But the fossils emerging in the past few years were to indicate a more complex picture and even bigger role for Asia in the evolution of anthropoids. The first of these stories goes back to find in Burma by the famous paleontologist of the older era EH Colbert – the early monkey, the amphipithecid, Pondaungia. Phylogeny of this primate was for long debated. It was alternately considered an anthropoid or adapiformes and repeatedly denied to have anything to do with the evolution of anthropoids. Starting around 2003 anatomical studies and phylogenetic analysis by Kay provided hints that amphipithecids were indeed closer to the anthropoid clade than the adapiformes. About a month ago Beard reported the discovery of fragmentary remains of a new amphipithecid, Ganlea from Burma. The inclusion of this large-canined form in a phylogenetic analysis suggested that: 1) The amphipithecids, namely Myanmarpithecus, Ganlea, Pondaungia, Amphipithecus and Siamopithecus form a monophyletic amphipithecid clade. 2) The Burman monkeys (first four of the above) form a clade to the exclusion of Siamopithecus. 3) The amphithecids are clearly more derived than eosimiids, oligopithecids and parapithecids forming a monophyletic clade with the platyrrhines and catarrhines. Thus, the origin of the ancestral crown group anthropoids could have taken place in Asia.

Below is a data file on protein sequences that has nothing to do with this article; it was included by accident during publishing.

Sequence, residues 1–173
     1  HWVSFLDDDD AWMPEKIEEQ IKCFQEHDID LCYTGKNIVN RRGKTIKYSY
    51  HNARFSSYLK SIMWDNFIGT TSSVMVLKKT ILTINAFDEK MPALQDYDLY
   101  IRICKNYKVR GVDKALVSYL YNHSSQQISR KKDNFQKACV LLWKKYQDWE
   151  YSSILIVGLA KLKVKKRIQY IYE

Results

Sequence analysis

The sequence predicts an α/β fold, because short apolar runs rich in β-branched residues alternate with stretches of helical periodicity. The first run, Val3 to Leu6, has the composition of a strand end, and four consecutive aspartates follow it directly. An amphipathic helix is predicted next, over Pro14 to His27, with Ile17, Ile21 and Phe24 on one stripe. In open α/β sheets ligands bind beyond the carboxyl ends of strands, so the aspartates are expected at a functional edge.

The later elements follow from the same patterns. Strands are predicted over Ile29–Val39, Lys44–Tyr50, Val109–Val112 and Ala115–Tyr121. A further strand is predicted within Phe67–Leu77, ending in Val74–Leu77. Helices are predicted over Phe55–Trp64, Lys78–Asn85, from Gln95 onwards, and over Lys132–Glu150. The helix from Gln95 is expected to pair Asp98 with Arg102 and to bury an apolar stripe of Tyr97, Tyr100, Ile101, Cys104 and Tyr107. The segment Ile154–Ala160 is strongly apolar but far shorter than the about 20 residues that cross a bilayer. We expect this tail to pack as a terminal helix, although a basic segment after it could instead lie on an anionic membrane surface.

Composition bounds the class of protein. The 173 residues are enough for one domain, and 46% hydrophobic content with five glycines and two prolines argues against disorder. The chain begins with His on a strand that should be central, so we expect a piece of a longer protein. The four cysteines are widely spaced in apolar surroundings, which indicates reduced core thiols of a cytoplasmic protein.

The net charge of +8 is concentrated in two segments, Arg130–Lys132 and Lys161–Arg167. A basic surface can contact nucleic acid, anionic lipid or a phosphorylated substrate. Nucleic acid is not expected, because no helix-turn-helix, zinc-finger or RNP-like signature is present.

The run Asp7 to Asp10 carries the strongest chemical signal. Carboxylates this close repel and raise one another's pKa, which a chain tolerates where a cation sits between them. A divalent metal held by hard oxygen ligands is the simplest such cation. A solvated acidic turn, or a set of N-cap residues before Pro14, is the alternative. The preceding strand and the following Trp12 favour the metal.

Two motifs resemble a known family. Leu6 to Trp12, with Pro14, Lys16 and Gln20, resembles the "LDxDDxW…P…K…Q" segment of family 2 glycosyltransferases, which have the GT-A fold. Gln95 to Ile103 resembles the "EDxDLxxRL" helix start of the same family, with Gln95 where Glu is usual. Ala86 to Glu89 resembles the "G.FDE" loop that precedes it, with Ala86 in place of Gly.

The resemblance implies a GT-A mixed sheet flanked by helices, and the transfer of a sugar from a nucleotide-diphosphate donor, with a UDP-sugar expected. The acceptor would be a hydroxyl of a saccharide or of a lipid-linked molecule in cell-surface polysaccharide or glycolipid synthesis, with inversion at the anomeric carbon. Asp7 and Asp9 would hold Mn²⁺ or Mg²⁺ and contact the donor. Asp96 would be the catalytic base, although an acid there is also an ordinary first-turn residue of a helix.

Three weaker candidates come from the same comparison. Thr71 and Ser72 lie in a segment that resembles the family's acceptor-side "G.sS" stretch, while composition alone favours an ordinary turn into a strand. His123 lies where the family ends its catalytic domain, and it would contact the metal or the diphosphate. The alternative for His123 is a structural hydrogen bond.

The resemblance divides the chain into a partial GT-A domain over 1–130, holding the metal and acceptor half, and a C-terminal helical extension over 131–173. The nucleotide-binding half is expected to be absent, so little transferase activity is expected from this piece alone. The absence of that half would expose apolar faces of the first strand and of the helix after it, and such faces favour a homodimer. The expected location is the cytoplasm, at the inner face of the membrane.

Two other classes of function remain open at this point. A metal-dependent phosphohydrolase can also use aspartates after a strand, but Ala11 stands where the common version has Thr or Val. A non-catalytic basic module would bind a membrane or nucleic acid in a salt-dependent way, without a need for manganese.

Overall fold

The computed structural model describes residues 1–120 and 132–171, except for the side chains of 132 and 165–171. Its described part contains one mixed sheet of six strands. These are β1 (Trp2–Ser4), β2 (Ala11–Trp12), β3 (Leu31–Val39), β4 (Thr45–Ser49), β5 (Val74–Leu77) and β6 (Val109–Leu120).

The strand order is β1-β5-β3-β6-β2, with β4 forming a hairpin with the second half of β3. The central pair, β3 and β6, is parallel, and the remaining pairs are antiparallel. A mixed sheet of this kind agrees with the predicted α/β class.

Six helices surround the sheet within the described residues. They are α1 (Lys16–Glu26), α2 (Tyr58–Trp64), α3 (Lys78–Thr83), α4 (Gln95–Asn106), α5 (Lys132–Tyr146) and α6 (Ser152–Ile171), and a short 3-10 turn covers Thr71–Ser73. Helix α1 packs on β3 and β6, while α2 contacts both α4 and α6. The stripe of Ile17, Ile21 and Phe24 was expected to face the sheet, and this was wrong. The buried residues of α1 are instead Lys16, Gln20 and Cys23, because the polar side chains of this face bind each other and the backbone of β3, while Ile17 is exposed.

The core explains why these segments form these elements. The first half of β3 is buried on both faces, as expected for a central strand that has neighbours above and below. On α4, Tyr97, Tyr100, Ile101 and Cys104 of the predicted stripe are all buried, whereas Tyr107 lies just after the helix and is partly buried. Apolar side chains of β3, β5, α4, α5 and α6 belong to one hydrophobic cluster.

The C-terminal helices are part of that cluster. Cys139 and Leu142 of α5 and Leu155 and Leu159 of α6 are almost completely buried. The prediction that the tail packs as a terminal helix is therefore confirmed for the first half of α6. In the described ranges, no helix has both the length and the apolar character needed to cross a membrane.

The Asian situation is further complicated by the discovery of the earliest India primates from the rich Vastan coal mines in Gujarat. In the past few years Bajpai, Tiwari and others have been recovering a remarkable fauna from the Vastan mines which appear to date to the Sparnacian age of the Eocene (54-55 mya). They announced their first major finds in a less than satisfactory paper in an obscure journal (2005): Journal of the Palaeontological Society of India. Though much of the material is highly fragmentary and poorly studied it appears that the extraordinary fauna included a mix of primitive metatherians, eutherians and also precursors of several modern mammalian lineages. These include primitive eutherians such as: 1) palaeoryctids; 2) cimolestids; 3) aptemyids which appear to be basal euarchontoglires (in my opinion) with an aye-aye like morphology; basal representatives of modern lineages such as: 4) primitive bats predating the split of yangochiroptera and yinpterochiropterans; 5) the enigmatic cambaytheres. Bajpai et al thought they were primitive perissodactyls but as Kumar suggested they might be very primitive elephants related to Anthracobune; 6) the primitive artiodactyl Gujaratia; additionally there are also the first Indian marsupials, the opossum-like Indodelphis and Jaegeria (?), agamid lizards and a primitive bird Vastanavis. In this fauna three distinct primates have been recovered: Marcgodinotius, Vastanomys and Anthrasimias.